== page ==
Twenty-five years ago, where was I on June 25? With six of my friends, huddled around a television set at P 74 Lake Road. Television coverage had begun in Calcutta a few years back. The pictures were still in black and white. Not very distinct perhaps, but still enough to make out the details. The occasion was the final of the 1983 World Cup at Lord’s. India was billed to play the world champions, West Indies .
India, against all predictions, had reached the ultimate stage. No one had given them any hope before the tournament began. History and current form were highly discouraging. In both the previous editions, India had lost disastrously to all and sundry. The lone victory in the two campaigns was in 1975, against a group of club cricketers representing East Africa. India had hardly prepared for the one-day variety of the game in the intervening period. In the just concluded tour of the West Indies, they lost the one-day series, just as they had lost earlier to Pakistan. Our players had not quite come to grips with the tactics and technicalities of one-day cricket.
Even the Indian board did not give much credence to this shorter version. So much so that one national selector did not even bother to attend the meeting to choose the team for the 1983 World Cup. But one other, namely Bishan Singh Bedi, was very enthusiastic. He consulted Hanumant Singh, the former Test cricketer who had gone to the West Indies with Kapil Dev’s team as the manager. Then, along with the selection committee chairman, Chandu Borde, Bedi took the initiative to select a team with the one-day formula in mind. Kapil Dev, who had shown his exemplary attacking game against the formidable Caribbeans in their own lair, was named the leader.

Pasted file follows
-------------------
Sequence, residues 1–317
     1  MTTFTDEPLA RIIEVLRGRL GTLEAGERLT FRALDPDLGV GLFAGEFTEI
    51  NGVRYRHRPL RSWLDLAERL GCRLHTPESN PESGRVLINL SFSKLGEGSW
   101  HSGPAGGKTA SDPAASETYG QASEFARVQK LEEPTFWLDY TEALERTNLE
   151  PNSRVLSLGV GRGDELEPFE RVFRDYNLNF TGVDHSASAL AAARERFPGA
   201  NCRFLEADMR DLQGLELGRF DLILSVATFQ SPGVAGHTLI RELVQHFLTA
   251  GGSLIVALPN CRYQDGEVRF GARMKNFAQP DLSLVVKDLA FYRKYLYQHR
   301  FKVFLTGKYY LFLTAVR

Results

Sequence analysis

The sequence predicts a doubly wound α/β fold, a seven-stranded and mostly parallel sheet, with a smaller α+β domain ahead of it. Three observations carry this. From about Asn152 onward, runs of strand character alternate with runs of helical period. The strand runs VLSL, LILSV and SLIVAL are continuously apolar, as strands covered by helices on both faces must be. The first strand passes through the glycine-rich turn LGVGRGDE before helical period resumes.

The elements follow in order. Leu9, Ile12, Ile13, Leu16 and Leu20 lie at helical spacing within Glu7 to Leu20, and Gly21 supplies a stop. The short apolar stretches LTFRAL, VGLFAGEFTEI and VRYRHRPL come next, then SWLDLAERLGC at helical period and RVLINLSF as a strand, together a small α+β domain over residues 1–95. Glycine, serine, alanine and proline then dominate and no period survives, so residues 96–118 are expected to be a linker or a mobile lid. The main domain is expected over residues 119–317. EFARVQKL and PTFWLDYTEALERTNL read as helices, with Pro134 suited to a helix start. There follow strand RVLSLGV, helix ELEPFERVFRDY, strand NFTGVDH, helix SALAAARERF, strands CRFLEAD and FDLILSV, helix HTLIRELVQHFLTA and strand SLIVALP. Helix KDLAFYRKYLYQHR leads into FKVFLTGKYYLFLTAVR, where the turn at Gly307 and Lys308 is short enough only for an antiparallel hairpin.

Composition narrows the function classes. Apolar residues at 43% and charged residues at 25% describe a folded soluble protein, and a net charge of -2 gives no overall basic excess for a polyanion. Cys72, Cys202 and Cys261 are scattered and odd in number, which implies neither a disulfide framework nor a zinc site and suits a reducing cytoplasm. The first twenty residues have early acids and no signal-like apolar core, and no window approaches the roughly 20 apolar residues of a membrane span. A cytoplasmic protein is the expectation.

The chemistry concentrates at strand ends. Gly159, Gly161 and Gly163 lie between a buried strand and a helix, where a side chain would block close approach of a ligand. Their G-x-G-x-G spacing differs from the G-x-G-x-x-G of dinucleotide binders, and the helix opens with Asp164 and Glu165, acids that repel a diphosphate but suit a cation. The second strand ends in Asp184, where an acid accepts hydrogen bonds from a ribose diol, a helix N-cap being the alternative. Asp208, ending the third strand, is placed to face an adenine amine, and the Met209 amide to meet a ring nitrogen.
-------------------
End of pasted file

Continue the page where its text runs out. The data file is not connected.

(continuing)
The emphasis was primarily on players who would put the team ahead of themselves; fielders who were willing and able to chase, dive and throw hard; pacers who could use the atmosphere to swing and the turf to seam; and batsmen who had a positive intent of going for strokes and energy to rotate the strike. In the previous world cups, the Indian team, in spite of having S. Venkataraghavan, Farokh Engineer and Bedi — all English county cricketers with experience in one-dayers — had done little by way of planning. The performance, naturally, was dismal. Borde, Bedi & Co. were desperate to change this negative approach.
When skipper Kapil Dev boarded the flight to England, he had with him batsmen of the calibre of Sunil Gavaskar, Krishnamachari Srikkanth, Dilip Vengsarkar, Yashpal Sharma, Sandeep Patil and the cucumber-cool Mohinder Amarnath. The wicketkeeper was the one and only Syed Kirmani and the spin department was restricted to two young all-rounders, Kirti Azad and Ravi Shastri. Kapil’s medium-paced companions were Madan Lal , Roger Binny, Balwinder Singh Sandhu and Sunil Walson, with Amarnath to assist whenever required. All of them were gentle in pace but had terrific control over length and line.
The manager was the former first-class cricketer from Hyderabad, Maan Singh. An able administrator, Maan was sincere and unbiased, tactful yet firm, knowledgeable and tireless — in short, the ideal person to inject into the team a sense of purpose and a nationalistic feeling. This appointment was a distinct improvement from the past when either egoistic Test stars or thoroughly inefficient officials would accompany the team as managers. Regionalism and communalism were apparent at every step.